Making 460 Steyr is a lot less work than 416, much more neck work required on the 416B Randy informs me.

50BMG ammo

  • What brass do you recommend for the 50BMG for Match ammo?

If you can name more than one option it may enable other 50bmg shooters in UK and Europe also to source that brass.

Randy: RWS is the best 50 BMG brass I have found; it is very consistent in weight and dimensions and is heavier they others making it a better choice for the higher pressure ELR match loading we are doing.

Lapua, IMI, Hornady, Fiocchi, ADI and a few others have proved to be good choices also.

  • Do you anneal and if so do you prefer flame or induction?

I anneal my match brass after every firing. I have used two opposing flames for years and get very nice results with the Bench Source Vortex annealing machine. I would say that induction is easier to achieve repeatable consistency. Either method you choose, proper annealing extends the life of your brass by keeping from work hardening, and slitting after a few firings.

  • Do you find any specific primers better than others? I’m aware there’s Ruag, CCI and some Murom primers, maybe you have tried others as well. What works?

RWS and CCI are what I use, RWS has proven to be a bit more consistent, but both yield great result when sorted by weight. CCI are a bit ‘hotter’ than RWS, typically around 2 grains less powder with the CCI give you the same velocity as you get with RWS.

Powders – In Europe we mainly get access to Vihtavuori with their 20N29 and 24N41 described as the perfect one by VV themselves. I’m aware H50BMG, US 869, R50 are also widespread in the US.

  • What have you learned about these 50BMG powders, what do you use?

I have used a wide variety of powders to load the 50, in fact all you have listed here, and a couple more. The main go to powders for me are Reloder50 for longer barrels, and H50BMG for barrels under 30”. Reloder50 is slower burning than H50BMG, so is tends to be more efficient in longer barrel than the faster H50BMG, which is more efficient in shorter barrels.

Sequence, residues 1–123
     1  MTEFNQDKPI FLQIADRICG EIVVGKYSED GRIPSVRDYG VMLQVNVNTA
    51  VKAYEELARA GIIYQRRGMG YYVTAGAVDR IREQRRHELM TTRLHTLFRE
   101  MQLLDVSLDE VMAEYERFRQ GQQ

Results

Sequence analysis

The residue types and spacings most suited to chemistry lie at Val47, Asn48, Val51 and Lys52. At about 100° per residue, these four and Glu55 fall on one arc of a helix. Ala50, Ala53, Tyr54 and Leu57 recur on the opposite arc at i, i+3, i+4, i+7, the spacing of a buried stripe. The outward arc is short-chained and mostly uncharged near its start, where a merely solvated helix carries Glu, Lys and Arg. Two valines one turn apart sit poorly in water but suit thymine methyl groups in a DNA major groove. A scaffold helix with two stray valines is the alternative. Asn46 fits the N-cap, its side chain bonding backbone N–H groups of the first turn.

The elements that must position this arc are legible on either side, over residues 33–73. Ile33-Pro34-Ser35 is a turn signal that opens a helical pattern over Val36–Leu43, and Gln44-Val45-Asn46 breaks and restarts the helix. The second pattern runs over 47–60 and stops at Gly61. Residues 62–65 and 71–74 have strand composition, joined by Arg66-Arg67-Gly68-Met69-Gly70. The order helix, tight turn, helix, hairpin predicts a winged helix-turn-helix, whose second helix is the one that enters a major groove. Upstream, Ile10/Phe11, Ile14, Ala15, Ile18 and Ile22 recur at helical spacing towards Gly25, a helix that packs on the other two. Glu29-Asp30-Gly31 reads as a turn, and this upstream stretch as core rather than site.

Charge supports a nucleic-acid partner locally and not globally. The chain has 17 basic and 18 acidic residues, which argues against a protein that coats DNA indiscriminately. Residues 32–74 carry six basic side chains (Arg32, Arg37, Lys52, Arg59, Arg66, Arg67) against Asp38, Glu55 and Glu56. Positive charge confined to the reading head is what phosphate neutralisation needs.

• What sort of barrel length should our readers look for if they want to have the optimum performance for their 50bmg?

I’ve read anywhere between 27-45” barrels.

The optimum barrel length for any caliber depends on its intended use. Also things to consider to optimize barrel length are the case capacity, burn rate of available powders, and bore diameter. There is a point of diminishing returns, for example if a barrel is too long and the powder is burnt up far before the bullet exits the muzzle, or the barrel is too short and unburnt powder is getting spit out the muzzle. Dwell time of the bullet in the barrel needs to be considered, 45” is too long to have good muzzle control in a shoulder fired 50. For 1000 yard 50 cal bench rest rifle I like 32”-36”, for a prone Hunter Class rifle I like 27”-34”. Also consider that shorter barrels are stiffer, reducing barrel ‘whip’. For an Extreme Long Range 50BMG I would recommend 36”-38”, and to speed the twist rate up to 1:13 for long range stability, and to stabilize the longer VLD bullets.

Bullets– For many years the 750Amax was like a gold standard. When I was introduced to the 50BMG in Switzerland with FCSA thanks to Pete and a few others, they had started using solids, this was 2008. Since then, solids have kept increasing in popularity.  I know Thunder Ammo makes its own 50bmg solid brass projectiles.

  • What 50BMG bullet weights are you making at Thunder Ammo and what twist rates do they require? For many years 1.15 seemed to be a popular twist. Is this changing?

As we strived to shoot farther, with accuracy, many new developments were born from the necessity to maintain stability. An 800+ grain brass, or copper .510 bullet is marginally stable in a 1:15 twist barrel at low altitude, at 3000 ft it is stable but not enough for ELR. In Raton NM, at 6500 ft an 800gr out of a 1:15 twist would remain stable to transonic, however a 1:13 would add the gyroscopic stability to remain stable through transonic, and you are still aiming well into subsonic distances.   At some point in the path of a bullet you will run out of trajectory or stability, past that point you are exceeding the aiming, accuracy capable distance.

Many of rifletalks.com readers already have well equipped reloading rooms.

  • What would a handloader be prepared to upgrade for the 50BMG?

A large enough press, capable of using 1.5” dies. 50 BMG…well bigger everything.

  • Do we have to change all our reloading equipment? Besides the 50BMG dies, what else would we need?

I’m thinking the following:

  • 50BMG press mounted primer seater
  • 50bmg neck tension mandrels
  • 50BMG bushings
  • 50bmg trimmer
  • 50bmg primer decapping tool
  • 50BMG bullet puller
  • 50bmg powder funnel
  • 50bmg pilot for the Annealer plus shell holder for AMP
  • 50BMG press.
  • Any other special Dies required?